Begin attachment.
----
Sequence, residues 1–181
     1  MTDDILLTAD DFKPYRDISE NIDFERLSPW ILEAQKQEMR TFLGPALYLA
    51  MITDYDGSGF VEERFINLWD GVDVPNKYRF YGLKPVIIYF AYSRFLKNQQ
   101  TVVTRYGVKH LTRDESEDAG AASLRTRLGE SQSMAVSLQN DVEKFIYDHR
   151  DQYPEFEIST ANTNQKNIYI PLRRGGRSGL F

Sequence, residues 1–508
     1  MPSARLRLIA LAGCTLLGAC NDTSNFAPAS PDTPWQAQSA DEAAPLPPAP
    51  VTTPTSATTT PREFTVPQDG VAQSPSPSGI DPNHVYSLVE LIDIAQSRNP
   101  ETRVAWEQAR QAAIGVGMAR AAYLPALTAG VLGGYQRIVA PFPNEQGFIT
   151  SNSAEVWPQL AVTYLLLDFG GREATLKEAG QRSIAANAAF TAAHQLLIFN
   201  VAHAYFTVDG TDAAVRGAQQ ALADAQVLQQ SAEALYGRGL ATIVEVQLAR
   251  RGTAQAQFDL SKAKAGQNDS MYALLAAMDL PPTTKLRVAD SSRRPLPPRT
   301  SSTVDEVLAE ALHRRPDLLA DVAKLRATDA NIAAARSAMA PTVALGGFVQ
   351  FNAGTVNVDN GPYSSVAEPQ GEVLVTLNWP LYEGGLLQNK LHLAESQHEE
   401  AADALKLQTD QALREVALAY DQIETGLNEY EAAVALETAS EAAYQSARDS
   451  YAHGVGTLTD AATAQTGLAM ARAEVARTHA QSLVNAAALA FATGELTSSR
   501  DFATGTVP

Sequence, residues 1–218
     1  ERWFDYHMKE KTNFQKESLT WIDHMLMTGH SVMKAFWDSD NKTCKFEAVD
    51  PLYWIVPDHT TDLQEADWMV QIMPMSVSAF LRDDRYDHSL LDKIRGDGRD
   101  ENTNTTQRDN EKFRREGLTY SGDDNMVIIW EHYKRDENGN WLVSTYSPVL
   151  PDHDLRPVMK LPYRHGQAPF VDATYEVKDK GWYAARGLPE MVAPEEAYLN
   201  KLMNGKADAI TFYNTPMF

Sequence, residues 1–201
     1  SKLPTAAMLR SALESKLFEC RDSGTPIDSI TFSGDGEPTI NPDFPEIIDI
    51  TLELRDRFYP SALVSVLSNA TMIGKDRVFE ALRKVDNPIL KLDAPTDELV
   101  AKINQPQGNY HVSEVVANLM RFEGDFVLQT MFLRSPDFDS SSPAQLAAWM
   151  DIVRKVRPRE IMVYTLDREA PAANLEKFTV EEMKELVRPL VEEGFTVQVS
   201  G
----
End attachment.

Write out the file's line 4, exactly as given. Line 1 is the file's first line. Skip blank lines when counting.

   101  TVVTRYGVKH LTRDESEDAG AASLRTRLGE SQSMAVSLQN DVEKFIYDHR